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False Awakenings in Lucid Dreamers

From dreams of waking up to waking up in your dreams.

False awakenings occur when someone believes they have woken up, only to realize later that they are still in a dream. These experiences have sometimes been called a ‘hybrid state,’ a mix between sleeping and waking. Lucid dreams and sleep paralysis are also called hybrid states. In lucid dreams, although you remain asleep, you realize that you are dreaming and have a fairly wake-like consciousness (see my prior post on lucid dreams). In sleep paralysis, although your mind awakes from sleep, your body remains paralysed and asleep for a minute or two (see my previous post on sleep paralysis).

False awakenings then are similarly a mix between sleep and waking. You wake up, get out of bed, and go about your normal routine, and then suddenly you realize you are dreaming and then awake again (into the real world or into another false awakening). Sometimes, there is a foreboding atmosphere to the experience, as the dreamer becomes suspicious that something is off, or something is not right. They have an eerie sense that this is not normal waking life.

In a recent survey study, subjects responded to a questionnaire regarding lucid dreaming and false awakening experiences, defined as “sleep-related experiences in which the subjects erroneously believe that they have woken up, only to discover subsequently that the apparent awakening was part of a dream.".

The survey asked how often participants experienced false awakenings and lucid dreams. Ninety participants (75 males, age range 14-75 years) responded who had experienced both false awakenings and lucid dreams, and there was a positive correlation between the two kinds of experience, although the frequency of lucid dreams was higher than that of false awakenings. Thirty-seven subjects (41%) experienced false awakenings at least monthly.

The survey then queried how false awakenings began and ended, to see whether false awakenings were often preceded or followed by other hybrid states like lucidity or sleep paralysis. Further, the survey asked, "During False Awakenings, do you try to determine if you are awake somehow?” and “Do you typically notice any anomaly or bizarre situation during False Awakenings?”

Fifty-six subjects (62%) reported that they noticed anomalies or bizarre situations during False Awakenings — for example, details out of place or devices not working properly (e.g., light switches or digital clocks).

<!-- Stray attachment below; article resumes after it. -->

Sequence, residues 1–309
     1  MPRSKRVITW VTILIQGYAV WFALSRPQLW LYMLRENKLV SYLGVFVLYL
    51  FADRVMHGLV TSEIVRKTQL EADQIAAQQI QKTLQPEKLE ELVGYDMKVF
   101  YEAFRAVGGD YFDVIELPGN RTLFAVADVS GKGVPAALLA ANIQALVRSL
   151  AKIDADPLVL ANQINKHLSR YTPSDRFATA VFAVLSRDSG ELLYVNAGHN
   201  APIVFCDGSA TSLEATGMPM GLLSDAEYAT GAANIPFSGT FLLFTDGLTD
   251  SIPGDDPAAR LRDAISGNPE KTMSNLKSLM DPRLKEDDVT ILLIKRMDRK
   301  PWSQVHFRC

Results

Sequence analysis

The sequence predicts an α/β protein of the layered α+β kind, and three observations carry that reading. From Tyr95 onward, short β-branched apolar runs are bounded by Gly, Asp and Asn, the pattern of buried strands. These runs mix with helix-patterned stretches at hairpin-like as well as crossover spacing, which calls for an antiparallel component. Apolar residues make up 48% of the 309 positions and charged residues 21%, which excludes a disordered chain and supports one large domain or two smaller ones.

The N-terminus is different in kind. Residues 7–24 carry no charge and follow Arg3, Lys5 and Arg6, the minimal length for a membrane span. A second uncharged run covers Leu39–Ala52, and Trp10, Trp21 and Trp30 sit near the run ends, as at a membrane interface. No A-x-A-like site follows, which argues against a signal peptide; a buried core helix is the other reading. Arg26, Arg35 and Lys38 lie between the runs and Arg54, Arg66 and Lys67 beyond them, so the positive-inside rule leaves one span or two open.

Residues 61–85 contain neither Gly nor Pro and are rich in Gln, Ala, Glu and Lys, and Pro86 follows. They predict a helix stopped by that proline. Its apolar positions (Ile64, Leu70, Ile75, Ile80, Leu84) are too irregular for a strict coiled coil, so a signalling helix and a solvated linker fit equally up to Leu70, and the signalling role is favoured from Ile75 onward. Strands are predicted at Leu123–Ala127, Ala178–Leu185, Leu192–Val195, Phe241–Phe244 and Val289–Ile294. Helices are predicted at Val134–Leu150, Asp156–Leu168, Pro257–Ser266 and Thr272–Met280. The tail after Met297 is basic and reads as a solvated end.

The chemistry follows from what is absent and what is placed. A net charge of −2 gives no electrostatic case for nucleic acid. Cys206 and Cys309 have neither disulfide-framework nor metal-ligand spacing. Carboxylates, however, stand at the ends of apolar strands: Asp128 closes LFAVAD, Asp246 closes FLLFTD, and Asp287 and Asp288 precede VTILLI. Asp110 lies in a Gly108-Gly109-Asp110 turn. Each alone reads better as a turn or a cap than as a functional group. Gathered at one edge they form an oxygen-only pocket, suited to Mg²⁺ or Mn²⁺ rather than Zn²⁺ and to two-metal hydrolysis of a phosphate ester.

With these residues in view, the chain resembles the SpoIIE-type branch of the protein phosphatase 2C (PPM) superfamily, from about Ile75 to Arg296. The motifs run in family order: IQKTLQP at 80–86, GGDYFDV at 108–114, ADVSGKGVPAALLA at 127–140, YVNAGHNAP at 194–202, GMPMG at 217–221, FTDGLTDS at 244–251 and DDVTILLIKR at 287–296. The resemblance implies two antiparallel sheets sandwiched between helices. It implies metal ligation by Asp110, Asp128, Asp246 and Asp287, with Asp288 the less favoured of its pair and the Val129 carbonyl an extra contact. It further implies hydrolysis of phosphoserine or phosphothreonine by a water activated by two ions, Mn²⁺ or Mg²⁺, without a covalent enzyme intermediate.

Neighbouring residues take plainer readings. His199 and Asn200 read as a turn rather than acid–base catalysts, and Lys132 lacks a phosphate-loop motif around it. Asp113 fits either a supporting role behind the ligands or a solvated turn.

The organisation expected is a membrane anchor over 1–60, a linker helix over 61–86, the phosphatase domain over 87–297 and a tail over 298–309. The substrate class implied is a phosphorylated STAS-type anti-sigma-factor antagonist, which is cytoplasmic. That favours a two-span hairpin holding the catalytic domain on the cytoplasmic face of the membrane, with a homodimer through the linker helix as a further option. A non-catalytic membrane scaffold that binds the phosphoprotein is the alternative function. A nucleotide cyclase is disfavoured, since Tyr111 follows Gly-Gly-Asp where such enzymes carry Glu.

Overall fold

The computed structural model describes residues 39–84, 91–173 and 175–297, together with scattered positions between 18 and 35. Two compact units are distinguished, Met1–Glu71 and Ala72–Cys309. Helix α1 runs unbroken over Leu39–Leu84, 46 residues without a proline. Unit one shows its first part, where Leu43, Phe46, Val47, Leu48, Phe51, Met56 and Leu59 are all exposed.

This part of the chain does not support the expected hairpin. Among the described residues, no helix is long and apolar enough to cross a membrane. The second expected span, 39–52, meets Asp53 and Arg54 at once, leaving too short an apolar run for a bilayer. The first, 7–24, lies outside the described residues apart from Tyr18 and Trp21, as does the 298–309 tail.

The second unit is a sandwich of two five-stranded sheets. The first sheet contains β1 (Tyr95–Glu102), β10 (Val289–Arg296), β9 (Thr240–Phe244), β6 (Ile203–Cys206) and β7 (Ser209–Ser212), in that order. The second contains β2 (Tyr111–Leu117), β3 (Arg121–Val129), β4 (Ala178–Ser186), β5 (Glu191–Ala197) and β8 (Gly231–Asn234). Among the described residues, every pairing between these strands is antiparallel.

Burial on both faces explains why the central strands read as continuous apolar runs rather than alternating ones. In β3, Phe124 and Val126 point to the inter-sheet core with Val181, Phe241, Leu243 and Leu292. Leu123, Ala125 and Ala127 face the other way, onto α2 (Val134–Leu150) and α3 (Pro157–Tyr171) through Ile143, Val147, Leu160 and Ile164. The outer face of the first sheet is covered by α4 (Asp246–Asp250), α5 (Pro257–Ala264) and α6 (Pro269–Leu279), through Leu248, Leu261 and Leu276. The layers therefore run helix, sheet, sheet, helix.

“Usually (my False Awakenings) start with me waking up in bed. I get up and go check on my children to see if they are sleeping. I may go into the living room or back into the bedroom ... then I go back to sleep and when I wake up for real I realize that some things were out place and that I had yet another false awakening”

Sixty-eight subjects (76%) actively tested the dream to confirm whether they were awake or asleep, and 45 claimed that they used false awakenings as a bridge to lucidity:

“...a good way of inducing lucid dreams as I often perform reality checks during False Awakening.s”

“...hold my nose and breathe through it (you can if you’re dreaming).”

“...turn something on; if it’s a dream it usually comes with mechanical failure.”

The relation between false awakenings and lucidity seems to stretch further, in that some elements of dream control can characterize false awakenings. When lucid, dreamers can exert varying degrees of control over their dream, namely two kinds: “One type involves magical manipulation of the dream environment or of dream characters other than the dream actor .... The other ... is self-control, exercised over one’s own actions and reactions to events occurring in the lucid dream." False awakenings seem to be characterized by some level of self-control, but less magical manipulation than lucid dreams.

Overall, the study provides new information about false awakenings which are relatively understudied hybrid-state experiences. False awakenings seem to co-occur quite frequently in lucid dreamers, and can occur either at the end of a lucid dream or can, through reality checks, lead to lucid dreams.


Buzzi, G. (2019). False awakenings in lucid dreamers: How they relate with lucid dreams, and how lucid dreamers relate with them. Dreaming, 29(4), 323.